• Referring next to FIG. 7, controlling a cooling unit or device at a customer site based on predictive energy consumption will be described in accordance with an embodiment of the present invention. A process 701 of controlling a cooling unit begins at step 705 in which a cooling unit and resource demand forecasts are monitored, as for example by an energy controller. That is, the operation of the cooling unit is effectively tracked, and the resource demand forecasts associated with the head-end are generally known.
  • In step 709, it is determined whether there is a peak amount of consumption that is forecasted at a future time, and is predicted to exceed the amount of resources readily available to the head-end. It should be appreciated that in identifying a peak consumption at a future time, the future time may be limited to being within a certain range of time. By way of example, it may be identified if there is a peak consumption in the future within a certain number of hours from the current time. If it is determined that there is no future time at which a peak consumption is predicted to exceed available resources, then the indication is that the cooling unit at the customer site may operate as programmed. As such, process flow returns to step 705 in which the cooling unit and resource demand forecasts are monitored.
  • Alternatively, if the determination in step 709 is that there is a predicted peak consumption that is expected to exceed the amount of available resources, then the indication is that the early use of resources may be invoked. As such, a determination is made in step 713 as to whether the temperature in the environment of the cooling unit is anticipated to be at a minimum desired temperature at a future time, e.g., a critical time such as HC, as described above. If the determination is that the temperature in the environment is anticipated to be at a minimum desired temperature at a future time, then the indication is that the early use of resources is not to be invoked. As such, in step 717, the cooling unit is allowed to operate substantially as programmed. After the cooling unit is allowed to operate substantially as programmed, process flow returns to step 705 in which the cooling unit and resource demand forecasts are monitored.
  • Returning to step 713, if it is determined that the temperature in the environment is anticipated not to be at approximately a minimum desired temperature at a future time, then the implication is that the temperature of the environment is to be reduced to approximately a minimum desired temperature, e.g., a lower threshold or endpoint in a desired temperature range. Accordingly, in step 721, an appropriate time at which to begin a cooling process is determined. The appropriate time at which to turn the cooling unit on such that a cooling process may begin may be determined such that the minimum desired temperature is approximately reached when resource demand peaks, or when resource consumption is predicted to exceed readily available resources.
  • Once the time at which to begin a cooling process is determined, an energy controller effectively identifies when that time has arrived. When the time at which to begin a cooling process is reached, the cooling unit may be turned on, e.g., such that cooled air is provided to the environment, in step 725. The cooling unit is turned on and remains on at least until the minimum desired temperature, and/or the critical time, is approximately reached. It should be appreciated that a temperature of less than the minimum desired temperature may be reached. After the cooling unit is turned on and allowed to remain on at least until the minimum desired temperature and/or the critical is reached, process flow returns to step 705 in which the cooling unit and resource demand forecasts are monitored.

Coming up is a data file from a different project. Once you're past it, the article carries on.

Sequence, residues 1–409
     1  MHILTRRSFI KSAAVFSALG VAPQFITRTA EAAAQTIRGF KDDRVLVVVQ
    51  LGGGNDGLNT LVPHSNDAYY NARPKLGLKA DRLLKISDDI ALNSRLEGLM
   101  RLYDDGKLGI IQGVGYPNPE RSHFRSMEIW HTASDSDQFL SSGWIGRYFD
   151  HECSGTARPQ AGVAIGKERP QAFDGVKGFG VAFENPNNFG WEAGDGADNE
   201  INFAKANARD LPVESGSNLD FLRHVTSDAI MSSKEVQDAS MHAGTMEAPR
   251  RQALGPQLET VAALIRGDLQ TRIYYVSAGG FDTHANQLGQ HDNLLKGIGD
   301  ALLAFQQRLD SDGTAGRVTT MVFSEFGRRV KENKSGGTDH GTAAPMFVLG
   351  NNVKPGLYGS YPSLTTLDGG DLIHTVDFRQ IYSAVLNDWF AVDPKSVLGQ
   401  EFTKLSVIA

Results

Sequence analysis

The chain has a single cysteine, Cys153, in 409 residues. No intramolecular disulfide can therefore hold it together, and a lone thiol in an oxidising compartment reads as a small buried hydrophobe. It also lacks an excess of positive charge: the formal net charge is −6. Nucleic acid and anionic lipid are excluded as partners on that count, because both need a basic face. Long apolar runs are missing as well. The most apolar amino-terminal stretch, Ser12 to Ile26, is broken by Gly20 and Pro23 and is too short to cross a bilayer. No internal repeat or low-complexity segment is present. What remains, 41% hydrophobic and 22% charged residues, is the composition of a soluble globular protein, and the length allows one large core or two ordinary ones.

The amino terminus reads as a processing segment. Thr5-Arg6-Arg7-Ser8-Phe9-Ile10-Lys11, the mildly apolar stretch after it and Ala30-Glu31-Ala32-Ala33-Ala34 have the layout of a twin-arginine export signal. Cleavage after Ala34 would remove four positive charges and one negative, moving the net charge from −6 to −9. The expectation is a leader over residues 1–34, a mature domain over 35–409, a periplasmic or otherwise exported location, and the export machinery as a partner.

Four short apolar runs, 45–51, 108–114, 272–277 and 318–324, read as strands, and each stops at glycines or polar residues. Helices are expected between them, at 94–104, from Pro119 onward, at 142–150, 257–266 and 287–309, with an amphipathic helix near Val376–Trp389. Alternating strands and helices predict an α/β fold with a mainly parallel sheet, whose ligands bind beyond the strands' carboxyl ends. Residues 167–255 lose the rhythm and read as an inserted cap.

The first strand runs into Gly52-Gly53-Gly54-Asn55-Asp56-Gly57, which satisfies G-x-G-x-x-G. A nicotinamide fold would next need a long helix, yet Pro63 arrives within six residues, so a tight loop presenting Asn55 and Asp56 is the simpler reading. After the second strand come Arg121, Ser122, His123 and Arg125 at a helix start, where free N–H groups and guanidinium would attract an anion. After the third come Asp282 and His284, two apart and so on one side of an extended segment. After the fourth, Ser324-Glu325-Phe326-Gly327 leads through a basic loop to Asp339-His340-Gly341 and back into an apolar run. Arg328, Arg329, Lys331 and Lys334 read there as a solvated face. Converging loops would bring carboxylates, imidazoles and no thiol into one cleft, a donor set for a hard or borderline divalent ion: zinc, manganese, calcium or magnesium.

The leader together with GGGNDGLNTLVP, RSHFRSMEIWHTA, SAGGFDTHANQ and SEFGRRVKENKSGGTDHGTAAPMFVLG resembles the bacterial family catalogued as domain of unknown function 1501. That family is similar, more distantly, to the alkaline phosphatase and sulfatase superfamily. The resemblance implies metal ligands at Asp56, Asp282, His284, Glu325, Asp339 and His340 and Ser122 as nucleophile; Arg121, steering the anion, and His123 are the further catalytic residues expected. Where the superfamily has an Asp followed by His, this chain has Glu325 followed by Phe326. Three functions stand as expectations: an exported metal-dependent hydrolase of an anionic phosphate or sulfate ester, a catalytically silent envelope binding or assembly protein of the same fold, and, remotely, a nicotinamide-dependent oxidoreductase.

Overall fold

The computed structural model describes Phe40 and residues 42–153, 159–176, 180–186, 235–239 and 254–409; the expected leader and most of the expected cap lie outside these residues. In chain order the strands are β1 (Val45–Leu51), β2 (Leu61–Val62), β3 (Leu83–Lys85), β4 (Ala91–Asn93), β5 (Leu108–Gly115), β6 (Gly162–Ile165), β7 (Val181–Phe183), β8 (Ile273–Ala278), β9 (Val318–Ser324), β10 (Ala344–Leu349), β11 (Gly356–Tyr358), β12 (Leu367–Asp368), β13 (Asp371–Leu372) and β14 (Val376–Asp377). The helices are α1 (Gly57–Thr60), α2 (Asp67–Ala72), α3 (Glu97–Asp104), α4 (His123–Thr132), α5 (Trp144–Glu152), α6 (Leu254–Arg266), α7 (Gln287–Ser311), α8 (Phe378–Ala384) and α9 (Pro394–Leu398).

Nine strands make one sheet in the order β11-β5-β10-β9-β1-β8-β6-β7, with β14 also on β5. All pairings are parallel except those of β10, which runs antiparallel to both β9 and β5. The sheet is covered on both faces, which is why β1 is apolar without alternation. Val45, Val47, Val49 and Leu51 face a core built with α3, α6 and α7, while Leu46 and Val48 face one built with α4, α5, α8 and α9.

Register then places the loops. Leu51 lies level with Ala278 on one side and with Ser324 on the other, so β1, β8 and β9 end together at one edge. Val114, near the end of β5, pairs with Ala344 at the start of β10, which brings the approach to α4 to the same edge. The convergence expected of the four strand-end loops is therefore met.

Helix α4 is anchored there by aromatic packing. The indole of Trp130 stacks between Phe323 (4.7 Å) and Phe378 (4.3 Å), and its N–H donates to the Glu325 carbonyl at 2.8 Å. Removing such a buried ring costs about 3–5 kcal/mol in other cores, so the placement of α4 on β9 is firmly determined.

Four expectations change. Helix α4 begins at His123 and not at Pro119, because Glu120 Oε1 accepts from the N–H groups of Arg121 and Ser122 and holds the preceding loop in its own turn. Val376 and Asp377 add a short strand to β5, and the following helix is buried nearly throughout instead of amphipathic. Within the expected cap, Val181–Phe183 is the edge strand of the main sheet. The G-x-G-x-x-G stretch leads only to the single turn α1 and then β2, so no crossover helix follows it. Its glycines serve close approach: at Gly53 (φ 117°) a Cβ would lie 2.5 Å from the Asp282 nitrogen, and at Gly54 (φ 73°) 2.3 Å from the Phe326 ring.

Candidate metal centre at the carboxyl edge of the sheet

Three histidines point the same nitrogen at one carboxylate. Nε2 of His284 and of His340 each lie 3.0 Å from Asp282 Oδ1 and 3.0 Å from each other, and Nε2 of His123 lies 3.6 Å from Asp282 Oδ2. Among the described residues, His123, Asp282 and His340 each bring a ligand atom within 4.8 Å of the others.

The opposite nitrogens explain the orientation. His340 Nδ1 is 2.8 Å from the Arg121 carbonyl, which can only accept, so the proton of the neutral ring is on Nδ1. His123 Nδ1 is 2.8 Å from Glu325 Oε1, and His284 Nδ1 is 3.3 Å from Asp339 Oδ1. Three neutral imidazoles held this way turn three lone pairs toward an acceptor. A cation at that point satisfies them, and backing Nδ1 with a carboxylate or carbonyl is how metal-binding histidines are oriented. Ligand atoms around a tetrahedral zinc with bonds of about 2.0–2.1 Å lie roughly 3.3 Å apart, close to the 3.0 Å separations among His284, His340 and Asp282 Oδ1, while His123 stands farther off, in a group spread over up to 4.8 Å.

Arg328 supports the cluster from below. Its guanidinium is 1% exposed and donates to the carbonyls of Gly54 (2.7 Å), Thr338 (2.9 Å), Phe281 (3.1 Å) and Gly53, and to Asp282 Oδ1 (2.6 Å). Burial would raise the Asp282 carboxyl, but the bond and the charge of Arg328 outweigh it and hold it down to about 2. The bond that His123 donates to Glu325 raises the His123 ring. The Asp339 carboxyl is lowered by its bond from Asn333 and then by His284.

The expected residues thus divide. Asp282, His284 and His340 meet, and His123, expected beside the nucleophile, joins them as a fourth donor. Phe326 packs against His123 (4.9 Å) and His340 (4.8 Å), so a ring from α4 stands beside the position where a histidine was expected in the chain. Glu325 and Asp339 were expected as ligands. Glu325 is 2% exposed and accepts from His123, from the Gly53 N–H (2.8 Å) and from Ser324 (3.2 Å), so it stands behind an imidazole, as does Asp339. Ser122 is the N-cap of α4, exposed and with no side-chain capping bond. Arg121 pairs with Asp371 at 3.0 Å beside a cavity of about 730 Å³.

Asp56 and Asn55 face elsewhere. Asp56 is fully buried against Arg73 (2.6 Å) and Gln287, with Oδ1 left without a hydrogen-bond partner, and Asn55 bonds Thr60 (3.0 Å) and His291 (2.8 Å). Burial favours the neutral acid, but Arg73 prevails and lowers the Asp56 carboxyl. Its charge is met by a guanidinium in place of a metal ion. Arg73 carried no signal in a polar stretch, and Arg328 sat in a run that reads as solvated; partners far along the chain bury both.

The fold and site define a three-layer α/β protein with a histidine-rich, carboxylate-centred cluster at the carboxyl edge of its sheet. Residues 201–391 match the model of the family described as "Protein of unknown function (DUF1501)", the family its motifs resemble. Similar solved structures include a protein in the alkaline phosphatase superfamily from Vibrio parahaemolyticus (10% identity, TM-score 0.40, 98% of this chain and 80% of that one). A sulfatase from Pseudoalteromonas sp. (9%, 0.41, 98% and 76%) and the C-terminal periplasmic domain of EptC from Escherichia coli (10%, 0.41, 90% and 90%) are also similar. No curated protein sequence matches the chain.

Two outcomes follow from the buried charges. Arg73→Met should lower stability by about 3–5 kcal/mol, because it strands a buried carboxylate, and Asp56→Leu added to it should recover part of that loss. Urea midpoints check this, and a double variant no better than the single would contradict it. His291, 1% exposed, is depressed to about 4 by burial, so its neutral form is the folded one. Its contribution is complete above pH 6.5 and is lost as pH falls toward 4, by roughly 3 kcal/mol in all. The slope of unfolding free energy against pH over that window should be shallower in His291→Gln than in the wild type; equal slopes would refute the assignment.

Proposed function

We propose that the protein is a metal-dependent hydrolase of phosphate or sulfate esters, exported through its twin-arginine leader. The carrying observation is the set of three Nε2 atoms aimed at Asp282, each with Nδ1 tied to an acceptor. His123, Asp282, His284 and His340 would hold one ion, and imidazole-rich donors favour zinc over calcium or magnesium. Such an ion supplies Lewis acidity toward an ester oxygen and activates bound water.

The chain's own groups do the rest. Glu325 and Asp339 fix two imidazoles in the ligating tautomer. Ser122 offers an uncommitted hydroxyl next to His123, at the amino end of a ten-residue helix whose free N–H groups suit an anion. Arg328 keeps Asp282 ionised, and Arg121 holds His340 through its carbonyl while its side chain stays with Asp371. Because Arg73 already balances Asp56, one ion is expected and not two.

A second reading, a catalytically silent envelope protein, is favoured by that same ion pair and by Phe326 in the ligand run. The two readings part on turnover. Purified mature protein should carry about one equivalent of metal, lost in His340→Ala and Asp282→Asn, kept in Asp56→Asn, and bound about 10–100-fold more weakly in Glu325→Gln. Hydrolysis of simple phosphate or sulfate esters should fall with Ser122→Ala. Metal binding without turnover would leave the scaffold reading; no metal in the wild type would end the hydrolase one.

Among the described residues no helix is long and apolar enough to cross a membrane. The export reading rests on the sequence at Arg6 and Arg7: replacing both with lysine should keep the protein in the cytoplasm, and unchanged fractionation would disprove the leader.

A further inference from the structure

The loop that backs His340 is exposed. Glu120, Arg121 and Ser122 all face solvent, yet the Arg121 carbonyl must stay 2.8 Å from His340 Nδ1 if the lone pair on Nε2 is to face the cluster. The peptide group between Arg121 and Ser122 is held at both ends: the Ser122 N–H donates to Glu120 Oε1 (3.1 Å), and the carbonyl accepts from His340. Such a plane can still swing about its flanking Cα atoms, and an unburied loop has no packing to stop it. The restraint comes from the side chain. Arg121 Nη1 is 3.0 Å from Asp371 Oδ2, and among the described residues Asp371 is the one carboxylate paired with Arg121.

• With reference to FIG. 8, a method of controlling a heating unit at a customer site based on predictive energy consumption will be described in accordance with an embodiment of the present invention. A process 801 of controlling a heating unit begins at step 805 in which the heating unit and resource demand forecasts are monitored, as for example by an energy controller. A determination is made in step 809 as to whether a peak amount of consumption is predicted in the near future, and demand is predicted to exceed the amount of resources readily available to the an electric grid section associated with the heating system at the future time. If it is determined that there is no future time, e.g., that there is no time within a particular time period, at which demand for resources is predicted to exceed readily available resources, process flow returns to step 805 in which the heating unit and resource demand forecasts are monitored.
  • Alternatively, if the determination in step 809 is that a predicted peak consumption, or a predicted peak demand, is expected to exceed the amount of readily available resources, then the indication is that the early use of resources may be invoked. As such, a determination is made in step 813 regarding whether the temperature in the environment associated with the heating unit is anticipated to be at a maximum desired temperature at a future time. It should be appreciated that the maximum desired temperature is typically the upper threshold in a desired temperature range. If the determination is that the temperature in the environment is anticipated to be at a maximum desired temperature at a future time, then the indication is that the early use of resources is not to be invoked. If the early use of resources is not to be invoked, the heating unit is allowed to operate substantially as expected, e.g., substantially as an energy controller is programmed to cause the heating unit to operate, in step 817. After the heating unit is allowed to operate substantially as expected, process flow returns to step 805 in which the heating unit and resource demand forecasts are monitored.